Marvel and Disney have built an empire in which very few believed. Each new film from the Marvel universe is a new milestone at the box office, bringing together hundreds of millions of viewers around the world. The Avengers have penetrated deep into the collective imagination, crossing the page of the comic to become real and revered beings, new myths capable of starring in the original legends on which the beliefs of the new generations are based. We all recognize and love characters like Steve Rogers, Tony Stark, Peter Parker, Wolverine, Storm, or Thor. His influence on popular culture, no matter how trite the expression sounds, it is tremendous. Their faces, costumes, and adventures are printed, printed, and modeled on a plethora of accessories, clothes, books, records, television series and video games.
Yes, also video games. We recognize that tricky terrain. Not all video games based on licenses are usually good, nor do all those found on mythical comic characters generally pass the cut. Even those that are excellent or good, considering their universe and approach, pale in comparison to similar or similar ones in consoles and PCs. It is a curious case because the truth is that Marvel, despite having had solid, funny, entertaining or very spectacular exponents, has not enjoyed all the luck or support of the public in their adaptations to digital entertainment.
Drawing a parallel, we could even say that they have yet followed a line similar to the one seen in the cinema before the founding of Marvel Studios in 2008 and the new way of proposing their cinematographic adaptations. Marvel Entertainment has been in video games for many years, specifically since 1982, and until 1985, Marvel Comics Group was in charge of editing and supervising all licenses sold to external studios about games or interactive entertainment products. Later, with the expansion of consoles and home systems, the publisher was forced to found Marvel Entertainment Group, a division more specialized and able to adapt to the vicissitudes of the most varied formats of mass consumption.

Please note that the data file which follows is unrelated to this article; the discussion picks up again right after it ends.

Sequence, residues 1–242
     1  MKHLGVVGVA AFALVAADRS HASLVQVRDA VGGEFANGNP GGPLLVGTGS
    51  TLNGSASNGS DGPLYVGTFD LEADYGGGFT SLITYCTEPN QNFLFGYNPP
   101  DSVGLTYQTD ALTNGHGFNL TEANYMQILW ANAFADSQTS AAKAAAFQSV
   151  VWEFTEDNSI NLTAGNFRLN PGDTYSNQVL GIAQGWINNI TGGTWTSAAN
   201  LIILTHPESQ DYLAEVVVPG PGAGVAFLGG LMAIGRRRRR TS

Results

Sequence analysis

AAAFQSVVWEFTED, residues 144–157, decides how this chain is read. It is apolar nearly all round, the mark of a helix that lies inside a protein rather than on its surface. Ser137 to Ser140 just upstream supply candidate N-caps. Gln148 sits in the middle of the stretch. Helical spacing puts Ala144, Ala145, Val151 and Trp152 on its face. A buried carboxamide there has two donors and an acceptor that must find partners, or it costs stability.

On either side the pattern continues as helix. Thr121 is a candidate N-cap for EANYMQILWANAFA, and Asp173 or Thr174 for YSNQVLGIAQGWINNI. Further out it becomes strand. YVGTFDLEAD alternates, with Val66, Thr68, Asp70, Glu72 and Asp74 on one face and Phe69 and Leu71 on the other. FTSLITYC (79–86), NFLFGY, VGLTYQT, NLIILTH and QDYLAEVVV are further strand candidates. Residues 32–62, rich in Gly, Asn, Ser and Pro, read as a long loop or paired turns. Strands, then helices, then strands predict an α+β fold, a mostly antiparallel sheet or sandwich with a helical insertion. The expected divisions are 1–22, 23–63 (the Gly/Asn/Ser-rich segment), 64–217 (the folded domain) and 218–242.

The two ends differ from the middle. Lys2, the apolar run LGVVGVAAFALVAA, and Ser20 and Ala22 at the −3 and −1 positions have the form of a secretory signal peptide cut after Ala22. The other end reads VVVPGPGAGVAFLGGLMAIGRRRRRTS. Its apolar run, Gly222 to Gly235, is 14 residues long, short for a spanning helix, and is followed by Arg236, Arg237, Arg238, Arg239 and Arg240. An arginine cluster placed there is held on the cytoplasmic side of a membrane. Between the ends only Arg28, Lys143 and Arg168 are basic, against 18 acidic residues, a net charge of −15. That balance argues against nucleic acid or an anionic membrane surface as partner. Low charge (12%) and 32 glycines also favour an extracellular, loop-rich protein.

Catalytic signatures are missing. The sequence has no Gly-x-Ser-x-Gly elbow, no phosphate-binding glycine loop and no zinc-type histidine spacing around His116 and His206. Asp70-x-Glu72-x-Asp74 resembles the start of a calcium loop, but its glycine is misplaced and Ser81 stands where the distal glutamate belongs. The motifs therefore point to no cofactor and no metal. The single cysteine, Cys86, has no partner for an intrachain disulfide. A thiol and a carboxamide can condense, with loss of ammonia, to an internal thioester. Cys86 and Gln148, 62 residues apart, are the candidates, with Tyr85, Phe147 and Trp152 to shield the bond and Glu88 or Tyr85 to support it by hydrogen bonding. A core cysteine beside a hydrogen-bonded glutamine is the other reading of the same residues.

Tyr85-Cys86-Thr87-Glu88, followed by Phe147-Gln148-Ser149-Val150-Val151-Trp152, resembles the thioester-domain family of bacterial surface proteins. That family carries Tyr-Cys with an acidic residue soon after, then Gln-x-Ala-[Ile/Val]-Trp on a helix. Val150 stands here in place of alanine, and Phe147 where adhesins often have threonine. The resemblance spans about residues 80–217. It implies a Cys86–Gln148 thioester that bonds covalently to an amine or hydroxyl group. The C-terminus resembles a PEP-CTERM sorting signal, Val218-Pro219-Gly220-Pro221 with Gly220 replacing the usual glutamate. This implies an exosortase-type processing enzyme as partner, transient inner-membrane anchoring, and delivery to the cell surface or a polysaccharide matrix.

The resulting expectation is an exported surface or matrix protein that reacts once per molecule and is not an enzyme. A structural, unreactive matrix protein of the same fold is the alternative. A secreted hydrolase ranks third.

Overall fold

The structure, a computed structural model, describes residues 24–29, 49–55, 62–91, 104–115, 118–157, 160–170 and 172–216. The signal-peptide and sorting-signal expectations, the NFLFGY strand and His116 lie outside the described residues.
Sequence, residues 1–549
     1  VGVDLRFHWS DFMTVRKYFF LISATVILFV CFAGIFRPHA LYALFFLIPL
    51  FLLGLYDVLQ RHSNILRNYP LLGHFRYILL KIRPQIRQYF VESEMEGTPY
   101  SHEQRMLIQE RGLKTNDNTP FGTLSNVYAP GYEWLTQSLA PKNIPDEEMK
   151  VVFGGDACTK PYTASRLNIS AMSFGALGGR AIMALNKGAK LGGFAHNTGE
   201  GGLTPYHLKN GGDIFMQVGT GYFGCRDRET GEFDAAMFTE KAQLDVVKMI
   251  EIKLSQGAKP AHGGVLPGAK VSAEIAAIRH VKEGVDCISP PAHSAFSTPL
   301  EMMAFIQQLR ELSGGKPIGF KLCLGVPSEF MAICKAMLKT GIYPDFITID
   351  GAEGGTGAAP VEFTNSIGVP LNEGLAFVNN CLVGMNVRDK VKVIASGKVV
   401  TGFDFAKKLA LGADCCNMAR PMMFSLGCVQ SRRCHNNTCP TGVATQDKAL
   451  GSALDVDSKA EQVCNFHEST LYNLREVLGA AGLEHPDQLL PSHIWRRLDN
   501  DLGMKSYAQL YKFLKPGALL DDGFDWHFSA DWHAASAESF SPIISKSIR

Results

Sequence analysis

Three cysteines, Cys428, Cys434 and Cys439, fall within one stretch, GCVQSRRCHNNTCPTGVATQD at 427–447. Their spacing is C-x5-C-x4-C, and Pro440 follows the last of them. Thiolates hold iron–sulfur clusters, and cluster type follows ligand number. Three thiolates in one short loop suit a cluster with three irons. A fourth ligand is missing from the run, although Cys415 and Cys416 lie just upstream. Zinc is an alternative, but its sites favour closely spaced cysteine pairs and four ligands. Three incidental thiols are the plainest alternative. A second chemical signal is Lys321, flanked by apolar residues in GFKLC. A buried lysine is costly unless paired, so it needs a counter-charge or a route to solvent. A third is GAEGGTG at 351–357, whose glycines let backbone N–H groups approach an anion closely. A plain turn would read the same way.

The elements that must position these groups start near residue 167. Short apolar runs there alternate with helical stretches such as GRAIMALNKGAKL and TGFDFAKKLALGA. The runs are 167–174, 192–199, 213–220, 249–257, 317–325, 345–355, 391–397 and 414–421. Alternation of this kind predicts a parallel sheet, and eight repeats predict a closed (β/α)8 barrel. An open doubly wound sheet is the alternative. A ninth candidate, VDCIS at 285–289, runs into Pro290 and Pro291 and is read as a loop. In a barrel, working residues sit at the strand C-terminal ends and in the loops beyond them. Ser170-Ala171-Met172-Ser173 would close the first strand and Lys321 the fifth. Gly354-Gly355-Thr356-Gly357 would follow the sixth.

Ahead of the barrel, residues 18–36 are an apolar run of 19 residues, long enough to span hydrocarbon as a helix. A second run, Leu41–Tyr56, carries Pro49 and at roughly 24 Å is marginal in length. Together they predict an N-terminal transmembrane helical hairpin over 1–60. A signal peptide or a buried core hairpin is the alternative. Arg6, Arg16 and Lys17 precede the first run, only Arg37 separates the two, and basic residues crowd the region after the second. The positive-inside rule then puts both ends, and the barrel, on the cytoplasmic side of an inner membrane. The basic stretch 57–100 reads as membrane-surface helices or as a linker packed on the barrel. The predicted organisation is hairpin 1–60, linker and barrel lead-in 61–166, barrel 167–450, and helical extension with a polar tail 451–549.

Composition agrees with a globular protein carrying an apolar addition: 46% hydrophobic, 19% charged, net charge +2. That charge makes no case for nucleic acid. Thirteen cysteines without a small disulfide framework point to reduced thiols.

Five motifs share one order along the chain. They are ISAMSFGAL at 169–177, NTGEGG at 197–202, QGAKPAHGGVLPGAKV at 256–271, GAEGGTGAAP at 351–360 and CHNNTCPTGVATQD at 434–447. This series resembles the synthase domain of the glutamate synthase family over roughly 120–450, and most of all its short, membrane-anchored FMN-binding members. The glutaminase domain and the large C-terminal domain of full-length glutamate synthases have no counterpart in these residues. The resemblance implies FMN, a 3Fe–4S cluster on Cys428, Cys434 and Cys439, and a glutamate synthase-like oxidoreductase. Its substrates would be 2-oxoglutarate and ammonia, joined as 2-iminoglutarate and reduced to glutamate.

From 1999 to 2008, with the increase of video games as an industry, it increased its control with Marvel Enterprises until in 2009, it was decided to found Marvel Games, which became part of Disney Interactive after the merger with the Mickey Mouse company. However, the bad luck of Disney Interactive and individual decisions, led to Marvel Games revives with its name and be responsible for re-editing, producing and supervising each video game with protagonists of the publisher as the main claim.
A maximum guideline was set: nothing to license without looking at the studio or the content. Production levels had to be high or very high, and development had to meet minimum quality requirements. Marvel and Disney were aware that some interactive and digital products had not exceeded the quality standard that had been imposed as creators and editors in film and television, and that had to be reversed. You cannot have a massive and millionaire license in the seventh art and not know how to channel it into the most prestigious entertainment industry in the world. Now, and with Spider-Man of Insomniac Games already published (considered one of the video games of 2008) and with the horizon being drawn by mega-productions like Marvel’s Avengers of Crystal Dynamics, Square Enix and Eidos Montreal, we review in Vandal some of the best Marvel games ever made.
- Captain America and The Avengers (1991
- X-Men Arcade (1992)
- The Punisher (1993)
- X-Men: Children of the Atom (1994)
- X-Men vs. Street Fighter (1996)
- Marvel vs. Capcom: Clash of Super Heroes (1998)
- Spider-Man (2000)
- Marvel vs. Capcom 2: New Age of Heroes (2000)
- Spider-Man 2 (2004)
- Incredible Hulk Ultimate Destruction (2005)
- Marvel: Ultimate Alliance (2006)
- X-Men Origins: Wolverine (2009)
- Marvel: Ultimate Alliance 2 (2009)
- Spider-Man: Shattered Dimensions (2010)
- LEGO Marvel Super Heroes (2013)
- Deadpool (2013)
- Spider-Man (PS4 – 2018)